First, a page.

Beyond Windows Phone 7: More on other pieces of Microsoft's mobile portfolio

The Windows Phone 7.0 operating system and Windows Phone 7 Series devices aren't the only new (and newly named) pieces of Microsoft's mobile portflio. There are others still in the wings, a few of which are still known only by their codenames.

The Windows Phone 7.0 operating system and Windows Phone 7 Series devices aren't the only new (and newly named) pieces of Microsoft's mobile portflio. There are others still in the wings, a few of which are still known only by their codenames.

Phones running the Windows Mobile 6.5 and 6.5.3 operating systems have been rechristened with the "Classic" brand, according to istartedsomething blogger Long Zheng. So there will be Windows Phone Classic models out there for a year, maybe two.

Then there's something known as Windows Mobile 6 Starter Edition that may be unveiled as early as February 16, according to Neowin.net.

Update: Neowin was on the money. Just minutes after I posted this, Neowin's Tom Warren found and tweeted the link to the Windows Mobile 6 Starter Edition announcement from Bsquare.

Like its PC counterpart, the mobile Starter sounds as though it is a stripped- down version of the operating system aimed primarily at partners and users in emerging markets. (I'll be curious to see how and if Windows Mobile 6 Starter is connected to Microsoft's OneApp offering. OneApp, the product formerly codenamed Kojax/Kirana, is technology designed to enable feature phones (as opposed to smartphones) run applications like Facebook and Twitter.)

Neowin is reporting that there will be one version of Windows Mobile 6 Starter that bundles in Office Mobile. I asked Microsoft officials whether this might be Office 2010 Starter Edition or something else and was told Microsoft had nothing to say about Mobile Starter.

Speaking of Office Mobile 2010, I'm going to be curious how and when Microsoft adapts it to run on Windows Phone 7 devices. Last I heard, Office Mobile 2010 was designed to run on Windows Mobile 6.5 (and, one would assume, 6.5.3) phones. Given that it sounds like Windows Mobile 6.x apps won't run on Windows Phone 7 devices -- according to informed speculation, not directly from Microsoft -- I'm curious about Office Mobile 2010's platform support.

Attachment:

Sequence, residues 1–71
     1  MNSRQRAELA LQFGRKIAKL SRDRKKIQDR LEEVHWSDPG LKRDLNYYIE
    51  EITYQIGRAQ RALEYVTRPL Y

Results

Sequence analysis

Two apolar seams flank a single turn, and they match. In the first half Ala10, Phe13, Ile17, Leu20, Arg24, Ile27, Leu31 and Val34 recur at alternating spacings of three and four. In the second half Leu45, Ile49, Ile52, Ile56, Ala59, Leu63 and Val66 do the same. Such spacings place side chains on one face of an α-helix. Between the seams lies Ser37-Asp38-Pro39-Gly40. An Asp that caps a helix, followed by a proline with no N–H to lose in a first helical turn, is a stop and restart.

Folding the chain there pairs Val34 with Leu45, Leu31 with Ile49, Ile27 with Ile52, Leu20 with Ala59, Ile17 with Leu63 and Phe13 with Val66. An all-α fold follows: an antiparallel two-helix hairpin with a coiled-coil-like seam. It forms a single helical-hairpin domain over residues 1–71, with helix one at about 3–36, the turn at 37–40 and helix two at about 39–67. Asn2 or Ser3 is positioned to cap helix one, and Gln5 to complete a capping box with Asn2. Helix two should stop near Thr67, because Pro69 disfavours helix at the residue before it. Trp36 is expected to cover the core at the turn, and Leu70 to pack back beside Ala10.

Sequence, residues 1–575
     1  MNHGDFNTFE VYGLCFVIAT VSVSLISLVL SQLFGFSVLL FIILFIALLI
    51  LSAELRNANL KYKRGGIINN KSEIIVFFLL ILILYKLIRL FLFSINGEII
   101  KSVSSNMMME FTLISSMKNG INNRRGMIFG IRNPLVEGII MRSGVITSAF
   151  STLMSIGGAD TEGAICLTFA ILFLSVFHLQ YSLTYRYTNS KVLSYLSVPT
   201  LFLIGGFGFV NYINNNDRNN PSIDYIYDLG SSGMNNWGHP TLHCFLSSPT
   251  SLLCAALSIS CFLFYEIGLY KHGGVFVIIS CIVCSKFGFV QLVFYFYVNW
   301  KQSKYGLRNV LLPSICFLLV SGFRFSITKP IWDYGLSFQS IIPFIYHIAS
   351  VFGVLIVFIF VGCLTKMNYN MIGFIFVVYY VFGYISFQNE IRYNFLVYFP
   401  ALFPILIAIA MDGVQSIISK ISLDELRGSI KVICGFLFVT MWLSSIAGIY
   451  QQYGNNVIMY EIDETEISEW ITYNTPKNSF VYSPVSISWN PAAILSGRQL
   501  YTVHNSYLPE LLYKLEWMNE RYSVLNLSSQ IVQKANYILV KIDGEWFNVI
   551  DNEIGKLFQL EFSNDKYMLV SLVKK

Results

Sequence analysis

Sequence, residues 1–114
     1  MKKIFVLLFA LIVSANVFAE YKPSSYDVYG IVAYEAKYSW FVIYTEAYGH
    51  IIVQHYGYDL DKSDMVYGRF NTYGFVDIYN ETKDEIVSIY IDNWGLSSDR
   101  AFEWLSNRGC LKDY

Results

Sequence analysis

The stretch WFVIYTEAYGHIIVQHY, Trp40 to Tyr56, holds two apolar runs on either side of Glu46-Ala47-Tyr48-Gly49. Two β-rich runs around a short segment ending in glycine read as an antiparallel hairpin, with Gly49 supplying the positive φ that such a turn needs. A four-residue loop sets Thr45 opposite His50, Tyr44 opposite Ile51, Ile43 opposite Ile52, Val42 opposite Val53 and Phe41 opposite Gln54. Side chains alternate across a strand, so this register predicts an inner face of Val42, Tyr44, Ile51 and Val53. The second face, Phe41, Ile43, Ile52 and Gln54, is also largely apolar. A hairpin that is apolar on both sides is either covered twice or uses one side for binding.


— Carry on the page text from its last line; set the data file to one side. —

One other still-unannounced family of products are the Pink phones -- the teen/twenty-something-targeted devices that are being made for Microsoft by Sharp but which may carry a Microsoft logo. As several blogs reported over the past weekend, Sharp has filed plans with the Federal Communication Commission for two Pink phones, codenamed "Turtle" and "Pure." Details of those filings will be made public right around the time of the CTIA wireless conference in late March.

"Conflipper" has unearthed more info about the Pink phones and has been tweeting his findings. There are also CDMA versions of the Pink phones, Conflipper claims, codenamed "Lion" and "Pride."

One reader who said he's looked at some of the files for these Pink phones sent along this info:

"Pure and Lion are the higher end devices for these right now. HVGA display, CE OS6, Silverlight, and Brand new. I am looking at 561 *.dll files that make up the 100MB ROM. A lot of center around Zune in the Registry.

"Looks like Home screen has different feeds," the reader said. The Pink devices "will be provided with firmware updates OTA (over the air."

Microsoft officials still won't say anything about Pink. (I tried asking again yesterday.) Last I heard, Microsoft was considering holding a separate event for a Pink unveiling some time in April.

On a related note, here are a couple of Windows Phone 7 posts that I missed in my first pass of reading yesterday, but are worth a look if you haven't seen them:

Redmond Pie: Good chart comparing the iPhone (current version) to Windows Phone 7 devices (what we know so far)

Riagenic: Windows Mobile 7: The meh release (interesting critique from former Microsoft Rich Platform Product Manager Scott Barnes)

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